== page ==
The Seven Churches
Dedicated to the first Christian martyr, Santo Stefano is the Jerusalem Bononiensis, the 'Jerusalem of Bologna'. It was founded, according to legend by St Petronius, who had visited the hermit-saints of the Holy Land as a youth. Petronius’ intent was to reproduce the seven holy sites of Jerusalem, enabling the faithful to make at least a symbolic pilgrimage.
Most of the work in this unique complex dates from the 8th–12th centuries. It was held in the highest esteem by the Lombards in their day, but was considerably altered in modern restorations. The restorations uncovered the interesting fact that Santo Stefano was built over the site of an ancient religious sanctuary, a temple of the Egyptian goddess Isis (Egyptian religion was extremely popular in the Roman Empire, and promoted by several of the emperors, especially Domitian).
Santo Stefano Plan
1-3. Chiesa del Crocifisso
4. San Sepolcro
5. Basilica dei SS. Vitale e Agricola
6. Cortile di Pilato
7. Trinità (Martyrum)
9-12. Chiesa della Benda and Museum
Three of the churches of this unique and harmonious Romanesque ensemble face Piazza Santo Stefano. The entrance is through the Chiesa del Crocifisso, with a Renaissance pulpit in its façade, begun in the 11th century and containing an ancient crypt below its raised choir; here are the relics of the first Bolognese martyrs SS. Vitale and Agricola, discovered by St Ambrose and Bologna’s Bishop Eusebius in a Jewish cemetery and brought here in AD393.
To the left is the entrance to San Sepolcro, a strangely irregular polygonal temple, modelled after Jerusalem’s Holy Sepulchre and containing the equally curious Edicola di San Petronio, a large pulpit adorned with reliefs; in a macabre touch, the saint’s bones are visible through a tiny hole at floor level. The circle of columns around it survives from Isis’ circular temple, used as a Christian baptistry from the 5th century and rebuilt in its present form in the 11th.
Outside the circle, a single column standing alone was claimed as the column to which Christ was bound during his flagellation. A door behind this column leads directly into evocative SS. Vitale e Agricola, Bologna’s oldest church; built in the 5th century, it incorporates bits and pieces of old Roman buildings and alabaster windows. A second church Santi Vitale e Agricola in Arena, marks the site of the Roman amphitheatre where they were killed.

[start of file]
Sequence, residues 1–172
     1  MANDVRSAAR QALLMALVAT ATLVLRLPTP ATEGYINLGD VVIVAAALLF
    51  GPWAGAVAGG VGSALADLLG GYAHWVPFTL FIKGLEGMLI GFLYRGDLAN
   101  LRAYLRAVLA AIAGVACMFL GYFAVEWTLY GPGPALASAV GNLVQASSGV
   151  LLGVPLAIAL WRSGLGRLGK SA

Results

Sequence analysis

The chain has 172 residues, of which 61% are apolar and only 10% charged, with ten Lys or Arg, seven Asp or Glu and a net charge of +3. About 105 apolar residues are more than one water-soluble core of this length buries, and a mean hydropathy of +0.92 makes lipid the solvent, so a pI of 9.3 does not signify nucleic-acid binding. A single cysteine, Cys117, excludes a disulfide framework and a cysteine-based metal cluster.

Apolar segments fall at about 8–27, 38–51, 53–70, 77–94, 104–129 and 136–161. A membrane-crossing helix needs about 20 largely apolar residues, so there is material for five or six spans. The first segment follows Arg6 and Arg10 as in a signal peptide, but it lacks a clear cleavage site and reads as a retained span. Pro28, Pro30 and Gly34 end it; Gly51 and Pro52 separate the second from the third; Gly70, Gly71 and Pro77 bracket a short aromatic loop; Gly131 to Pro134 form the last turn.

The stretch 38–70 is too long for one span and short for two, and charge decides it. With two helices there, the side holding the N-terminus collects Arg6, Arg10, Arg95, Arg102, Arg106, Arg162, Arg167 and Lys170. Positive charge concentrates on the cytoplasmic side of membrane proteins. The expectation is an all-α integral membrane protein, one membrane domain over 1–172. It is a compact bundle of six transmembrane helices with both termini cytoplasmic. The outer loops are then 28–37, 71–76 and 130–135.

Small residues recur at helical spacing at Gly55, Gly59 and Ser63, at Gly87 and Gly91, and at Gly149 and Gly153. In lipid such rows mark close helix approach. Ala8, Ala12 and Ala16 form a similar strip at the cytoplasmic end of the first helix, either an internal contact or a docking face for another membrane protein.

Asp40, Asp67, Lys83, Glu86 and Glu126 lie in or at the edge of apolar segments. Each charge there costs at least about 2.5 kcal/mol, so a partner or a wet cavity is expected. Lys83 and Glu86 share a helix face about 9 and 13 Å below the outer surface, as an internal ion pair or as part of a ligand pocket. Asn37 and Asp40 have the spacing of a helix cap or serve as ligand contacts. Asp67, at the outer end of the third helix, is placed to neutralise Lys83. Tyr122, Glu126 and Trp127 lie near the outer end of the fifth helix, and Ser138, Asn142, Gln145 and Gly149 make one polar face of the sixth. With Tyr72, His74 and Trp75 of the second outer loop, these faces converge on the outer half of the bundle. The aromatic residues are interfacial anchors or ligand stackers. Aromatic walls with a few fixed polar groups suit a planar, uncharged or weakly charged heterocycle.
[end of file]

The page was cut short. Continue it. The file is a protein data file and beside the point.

Beyond it is the Cortile di Pilato, in patterned brick with interlacing arches, replicating the courtyard where Pontius Pilate tried Jesus. Its centrepiece is an 8th-century basin, donated to the church by the Lombard kings Luitbrand and Ilbrand, that somehow gained the sinister reputation of being the basin in which Pilate washed his hands.
From here you can enter the fourth church, the 13th-century Trinità, which may originally have been the east end of a 4th-century church, or a Lombard church of the 800s – like most of the complex, it has been rebuilt and reconfigured so often that scholars have endless opportunity to debate what was what. The Trinità, also called the Martyrium; it contains a striking if sombre wooden Adoration of the Magi from the 1370s, with the figures painted by Simone de’Crocefissi.
A passage from the Cortile di Pilato leads into the lovely double decker 10th-century cloister, with some fascinating capitals, including a bare-bottom figure with its head on backwards, and a curious diving man pulling his beard. A room facing it contains the museum, with a collection of mostly 14th-century painting, including works by Simone de’ Crocifissi, Michele di Matteo (the Lives of St Stephen and St Petronius), and a detached fresco of the Massacre of the Innocents by Berlinghero di Lucca.
No Jerusalem would be complete without a Mount of Olives, and the small hill to the south of Santo Stefano was called Monte Oliveto in the Middle Ages. On top of it, in a picturesque piazza off Via Santo Stefano, San Giovanni in Monte was built in 1286 on the site of the original church founded by St Petronius. Largely remodelled in the late 1400s, it contains paintings by Guercino and Lorenzo Costa. The terracotta eagle over the portal is the work of Nicolò dell’Arca.
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